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Scientists turn sand to stone
ScienceNetwork WA   
Wednesday, 06 May 2009
istock_sandcastle.jpg
Research from Murdoch University could
one day turn sandcastles into livable
homes using the new technology.
Image: iStockphoto

Imagine being able to make spray-on roads across the desert, or being able to take a sandcastle home from the beach in the form of a solid rock sculpture. 

These are just two possibilities presented by a new treatment for sand pioneered by Murdoch University’s Dr Ralf Cord-Ruwisch. 

The treatment alters the consistency of sand, doing anything from solidifying it slightly to changing it into a substance as hard as marble. It blends a calcium solution, bacteria and other inexpensive compounds, forcing the bacteria to form carbonate precipitates with the calcium. This creates calcium carbonate, also called calcite, identical to limestone.

“Hopefully it will be civil engineering technology,” says Dr Cord-Ruwisch.

“We can say ‘this sand is too soft’, and then we can make it harder. The soil can be turned from a soft sand into something more like sticky sand, or we can turn it into rock.”

There are many potential applications for this product, says Dr Cord-Ruwisch, with a number of industries already indicating their interest.

“It could be used as a mining application,” he says.

“It doesn't need oxygenation. In theory we could solidify the sea bed before drilling for oil. We could also drill tunnels in the sand, we could make the sand harder so it doesn't cave in.

“Countries like Holland also have shown interest in solidifying their dikes. Dikes would normally be made of rocks, solid stuff, but Holland is a bit like Perth in that they only have sand.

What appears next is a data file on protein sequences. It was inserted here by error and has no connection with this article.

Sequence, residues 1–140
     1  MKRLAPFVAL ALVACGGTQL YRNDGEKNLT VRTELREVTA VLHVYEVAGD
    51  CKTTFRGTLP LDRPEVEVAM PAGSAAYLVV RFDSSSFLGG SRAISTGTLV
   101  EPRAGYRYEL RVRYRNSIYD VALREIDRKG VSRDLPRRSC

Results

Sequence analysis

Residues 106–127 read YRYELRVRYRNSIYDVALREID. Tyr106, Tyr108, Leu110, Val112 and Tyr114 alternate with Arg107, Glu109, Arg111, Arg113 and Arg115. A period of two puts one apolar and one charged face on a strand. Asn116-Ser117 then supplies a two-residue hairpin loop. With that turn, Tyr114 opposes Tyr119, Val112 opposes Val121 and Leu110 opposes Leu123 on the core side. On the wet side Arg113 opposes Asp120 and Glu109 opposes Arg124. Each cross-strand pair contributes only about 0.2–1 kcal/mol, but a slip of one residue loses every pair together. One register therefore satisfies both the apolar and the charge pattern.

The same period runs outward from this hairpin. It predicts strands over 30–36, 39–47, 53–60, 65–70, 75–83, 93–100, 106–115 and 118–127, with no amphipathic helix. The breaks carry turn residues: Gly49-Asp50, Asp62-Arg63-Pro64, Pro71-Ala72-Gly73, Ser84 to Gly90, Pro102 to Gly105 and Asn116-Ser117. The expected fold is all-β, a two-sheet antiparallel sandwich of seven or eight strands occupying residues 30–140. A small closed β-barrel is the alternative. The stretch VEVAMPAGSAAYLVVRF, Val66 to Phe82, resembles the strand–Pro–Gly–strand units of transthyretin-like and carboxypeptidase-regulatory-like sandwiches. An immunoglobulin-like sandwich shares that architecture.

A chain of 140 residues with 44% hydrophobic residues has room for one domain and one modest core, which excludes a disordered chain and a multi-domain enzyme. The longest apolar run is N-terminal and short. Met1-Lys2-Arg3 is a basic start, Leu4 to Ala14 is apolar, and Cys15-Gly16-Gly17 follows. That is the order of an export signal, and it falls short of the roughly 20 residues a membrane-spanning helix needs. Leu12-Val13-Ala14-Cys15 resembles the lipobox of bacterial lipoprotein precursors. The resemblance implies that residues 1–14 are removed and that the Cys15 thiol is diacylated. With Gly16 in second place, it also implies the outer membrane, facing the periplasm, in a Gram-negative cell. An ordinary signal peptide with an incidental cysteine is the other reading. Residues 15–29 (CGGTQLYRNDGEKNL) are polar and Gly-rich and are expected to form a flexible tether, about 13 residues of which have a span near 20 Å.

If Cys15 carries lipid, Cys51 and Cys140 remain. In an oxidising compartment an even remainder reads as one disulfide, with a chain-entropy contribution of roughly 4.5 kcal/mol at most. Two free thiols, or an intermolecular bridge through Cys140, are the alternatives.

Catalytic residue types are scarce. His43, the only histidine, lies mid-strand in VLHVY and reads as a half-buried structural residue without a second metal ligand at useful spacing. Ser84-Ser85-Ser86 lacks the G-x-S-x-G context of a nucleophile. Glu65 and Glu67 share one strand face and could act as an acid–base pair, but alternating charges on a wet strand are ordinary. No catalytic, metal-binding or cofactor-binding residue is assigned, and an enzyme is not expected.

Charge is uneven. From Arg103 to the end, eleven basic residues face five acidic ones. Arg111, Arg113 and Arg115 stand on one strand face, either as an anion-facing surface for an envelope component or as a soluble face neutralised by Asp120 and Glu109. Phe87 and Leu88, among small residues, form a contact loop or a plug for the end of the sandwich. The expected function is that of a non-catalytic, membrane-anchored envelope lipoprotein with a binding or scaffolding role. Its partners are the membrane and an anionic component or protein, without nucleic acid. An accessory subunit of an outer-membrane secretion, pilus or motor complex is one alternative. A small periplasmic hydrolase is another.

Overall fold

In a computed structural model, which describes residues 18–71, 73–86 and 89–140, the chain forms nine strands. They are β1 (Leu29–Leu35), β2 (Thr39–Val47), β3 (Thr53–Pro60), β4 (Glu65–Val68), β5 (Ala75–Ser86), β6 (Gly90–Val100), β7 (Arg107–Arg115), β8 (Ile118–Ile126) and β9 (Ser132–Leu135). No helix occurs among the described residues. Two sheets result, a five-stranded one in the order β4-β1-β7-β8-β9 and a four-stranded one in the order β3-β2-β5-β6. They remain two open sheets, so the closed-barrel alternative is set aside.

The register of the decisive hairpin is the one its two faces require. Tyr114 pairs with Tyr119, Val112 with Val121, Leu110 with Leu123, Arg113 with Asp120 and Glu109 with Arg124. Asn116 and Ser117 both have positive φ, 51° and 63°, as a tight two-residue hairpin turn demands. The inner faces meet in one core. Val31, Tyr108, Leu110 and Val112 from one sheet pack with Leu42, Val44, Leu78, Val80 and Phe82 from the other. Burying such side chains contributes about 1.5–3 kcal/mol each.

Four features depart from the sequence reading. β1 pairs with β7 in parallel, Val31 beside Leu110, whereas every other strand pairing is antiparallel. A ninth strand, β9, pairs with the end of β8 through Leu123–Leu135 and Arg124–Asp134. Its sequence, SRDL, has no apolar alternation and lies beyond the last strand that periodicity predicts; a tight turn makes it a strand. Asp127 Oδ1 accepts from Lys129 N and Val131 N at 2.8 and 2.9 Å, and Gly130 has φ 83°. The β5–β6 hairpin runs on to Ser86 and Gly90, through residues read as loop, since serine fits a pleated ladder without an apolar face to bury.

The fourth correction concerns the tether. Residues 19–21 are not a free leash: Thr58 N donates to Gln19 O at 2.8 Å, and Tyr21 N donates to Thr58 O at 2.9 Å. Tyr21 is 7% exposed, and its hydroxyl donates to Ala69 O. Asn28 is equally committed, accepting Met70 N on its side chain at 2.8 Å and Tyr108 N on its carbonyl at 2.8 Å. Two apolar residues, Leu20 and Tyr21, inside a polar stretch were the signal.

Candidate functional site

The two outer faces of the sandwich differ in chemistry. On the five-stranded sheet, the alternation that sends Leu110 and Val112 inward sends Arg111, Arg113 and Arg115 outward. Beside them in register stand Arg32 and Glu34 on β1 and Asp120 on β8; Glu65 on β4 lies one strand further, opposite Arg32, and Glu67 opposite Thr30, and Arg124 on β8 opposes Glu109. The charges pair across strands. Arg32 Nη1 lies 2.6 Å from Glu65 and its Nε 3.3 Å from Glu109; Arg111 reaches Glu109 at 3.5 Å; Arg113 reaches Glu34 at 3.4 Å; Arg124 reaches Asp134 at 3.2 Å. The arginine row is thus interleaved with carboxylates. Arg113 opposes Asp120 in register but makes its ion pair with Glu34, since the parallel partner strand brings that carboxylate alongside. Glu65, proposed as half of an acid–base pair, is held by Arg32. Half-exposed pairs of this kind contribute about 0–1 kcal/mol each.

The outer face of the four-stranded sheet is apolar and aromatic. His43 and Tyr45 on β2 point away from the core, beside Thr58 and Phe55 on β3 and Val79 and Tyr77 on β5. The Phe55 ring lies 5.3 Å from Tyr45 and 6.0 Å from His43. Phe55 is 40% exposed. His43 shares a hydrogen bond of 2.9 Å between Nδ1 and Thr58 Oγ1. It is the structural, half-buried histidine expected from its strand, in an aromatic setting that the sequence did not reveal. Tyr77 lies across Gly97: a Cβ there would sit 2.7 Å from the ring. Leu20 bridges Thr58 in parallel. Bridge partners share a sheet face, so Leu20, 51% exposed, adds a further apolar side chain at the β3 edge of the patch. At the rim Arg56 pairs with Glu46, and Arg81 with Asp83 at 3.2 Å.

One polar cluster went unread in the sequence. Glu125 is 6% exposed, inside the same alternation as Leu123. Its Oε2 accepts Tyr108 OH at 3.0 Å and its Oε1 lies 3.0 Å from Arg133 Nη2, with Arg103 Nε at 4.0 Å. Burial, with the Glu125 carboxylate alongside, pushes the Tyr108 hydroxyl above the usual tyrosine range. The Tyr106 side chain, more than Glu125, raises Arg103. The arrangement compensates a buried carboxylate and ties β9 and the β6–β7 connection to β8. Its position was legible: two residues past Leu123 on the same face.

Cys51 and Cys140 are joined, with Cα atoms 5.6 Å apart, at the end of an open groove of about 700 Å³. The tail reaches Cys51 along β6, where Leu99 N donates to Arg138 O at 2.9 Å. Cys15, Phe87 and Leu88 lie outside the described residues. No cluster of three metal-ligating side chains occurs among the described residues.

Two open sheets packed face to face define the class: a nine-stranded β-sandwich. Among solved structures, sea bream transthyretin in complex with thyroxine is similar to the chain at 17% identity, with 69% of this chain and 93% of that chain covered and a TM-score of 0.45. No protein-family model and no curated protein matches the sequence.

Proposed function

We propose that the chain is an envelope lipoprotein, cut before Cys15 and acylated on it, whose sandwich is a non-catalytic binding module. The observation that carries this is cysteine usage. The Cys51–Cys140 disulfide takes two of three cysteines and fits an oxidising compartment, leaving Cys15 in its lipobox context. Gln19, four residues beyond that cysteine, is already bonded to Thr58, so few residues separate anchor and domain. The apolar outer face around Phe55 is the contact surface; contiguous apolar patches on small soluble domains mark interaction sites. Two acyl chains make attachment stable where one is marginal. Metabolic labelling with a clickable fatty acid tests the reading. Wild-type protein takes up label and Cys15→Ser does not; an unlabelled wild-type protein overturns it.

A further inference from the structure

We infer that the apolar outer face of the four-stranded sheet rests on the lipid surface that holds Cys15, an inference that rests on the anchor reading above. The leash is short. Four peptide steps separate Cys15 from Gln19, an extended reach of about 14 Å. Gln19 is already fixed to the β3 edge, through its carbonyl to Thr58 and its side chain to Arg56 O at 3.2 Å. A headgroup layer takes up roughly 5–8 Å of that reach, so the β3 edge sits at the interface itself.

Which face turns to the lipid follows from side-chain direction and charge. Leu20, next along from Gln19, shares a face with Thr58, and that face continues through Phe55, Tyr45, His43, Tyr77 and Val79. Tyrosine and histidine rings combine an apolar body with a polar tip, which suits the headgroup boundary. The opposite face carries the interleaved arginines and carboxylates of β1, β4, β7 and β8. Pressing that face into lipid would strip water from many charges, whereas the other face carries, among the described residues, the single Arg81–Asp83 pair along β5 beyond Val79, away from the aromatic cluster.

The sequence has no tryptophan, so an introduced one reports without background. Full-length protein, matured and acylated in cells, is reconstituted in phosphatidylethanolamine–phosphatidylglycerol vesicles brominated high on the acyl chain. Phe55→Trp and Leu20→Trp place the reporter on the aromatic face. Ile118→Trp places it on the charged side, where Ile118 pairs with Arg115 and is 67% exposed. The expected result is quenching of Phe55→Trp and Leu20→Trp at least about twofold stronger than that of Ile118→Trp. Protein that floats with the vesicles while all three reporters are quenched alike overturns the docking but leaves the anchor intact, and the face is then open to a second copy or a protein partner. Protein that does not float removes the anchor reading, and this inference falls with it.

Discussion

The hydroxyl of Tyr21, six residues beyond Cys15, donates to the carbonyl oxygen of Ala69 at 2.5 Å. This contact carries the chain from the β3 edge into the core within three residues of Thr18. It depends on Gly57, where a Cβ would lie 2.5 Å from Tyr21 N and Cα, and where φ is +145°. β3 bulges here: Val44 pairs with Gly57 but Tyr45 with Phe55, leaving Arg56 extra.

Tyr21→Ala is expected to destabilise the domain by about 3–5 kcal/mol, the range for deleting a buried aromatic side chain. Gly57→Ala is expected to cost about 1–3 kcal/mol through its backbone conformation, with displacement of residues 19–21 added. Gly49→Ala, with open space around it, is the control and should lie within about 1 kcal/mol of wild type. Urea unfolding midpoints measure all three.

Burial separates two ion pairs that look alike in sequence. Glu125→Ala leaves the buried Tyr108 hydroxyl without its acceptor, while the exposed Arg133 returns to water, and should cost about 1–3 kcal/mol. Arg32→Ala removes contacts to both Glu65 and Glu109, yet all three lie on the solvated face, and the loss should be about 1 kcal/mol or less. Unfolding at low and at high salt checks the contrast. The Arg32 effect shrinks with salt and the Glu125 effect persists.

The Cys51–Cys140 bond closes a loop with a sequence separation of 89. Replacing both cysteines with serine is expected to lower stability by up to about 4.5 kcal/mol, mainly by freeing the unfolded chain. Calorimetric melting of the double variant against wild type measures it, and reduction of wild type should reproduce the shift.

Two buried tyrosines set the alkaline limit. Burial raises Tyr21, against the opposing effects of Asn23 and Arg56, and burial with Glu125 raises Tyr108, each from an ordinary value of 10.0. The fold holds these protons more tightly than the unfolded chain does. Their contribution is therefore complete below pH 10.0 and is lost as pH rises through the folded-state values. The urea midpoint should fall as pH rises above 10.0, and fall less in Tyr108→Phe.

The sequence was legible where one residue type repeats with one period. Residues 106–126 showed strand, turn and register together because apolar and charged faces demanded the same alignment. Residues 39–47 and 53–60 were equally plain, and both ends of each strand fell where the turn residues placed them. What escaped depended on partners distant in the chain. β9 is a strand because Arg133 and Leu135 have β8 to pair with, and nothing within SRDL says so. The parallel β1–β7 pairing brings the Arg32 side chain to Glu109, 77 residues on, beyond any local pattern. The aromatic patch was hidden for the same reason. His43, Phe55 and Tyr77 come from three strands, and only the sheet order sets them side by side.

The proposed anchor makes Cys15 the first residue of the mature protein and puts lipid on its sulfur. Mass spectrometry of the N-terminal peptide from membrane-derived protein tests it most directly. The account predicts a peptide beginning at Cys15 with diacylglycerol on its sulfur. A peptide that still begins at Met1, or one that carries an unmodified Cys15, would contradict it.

“While dikes made from sand are long lasting, there are certain risks if water intrudes into the dike sand and lubricates the sand particles so they start shifting against each other. Then you can have some instability of the dikes.

“So they really depend on the dikes holding.”

Dr Cord-Ruwisch and his team of researchers have already performed a number of trials with the product, testing the extent to which it can be used.

“The biggest block we have made so far was in a shipping container, just to prove that it can not only work in the laboratory,” he says.

“When we tried to push it in the lab by taking beach sand and treating it many times, maybe ten times, we found that it turns harder each time.

“At the very end, it turned into something resembling marble more than sandstone.

“If you wanted, you could take a piece of Rainbow Beach sand, a beach in Queensland where the wind over time has layered different colours of sand on top of each other, and you could carve a decorative column out of it.

“You could make a sandcastle, set it solid and take it home.”


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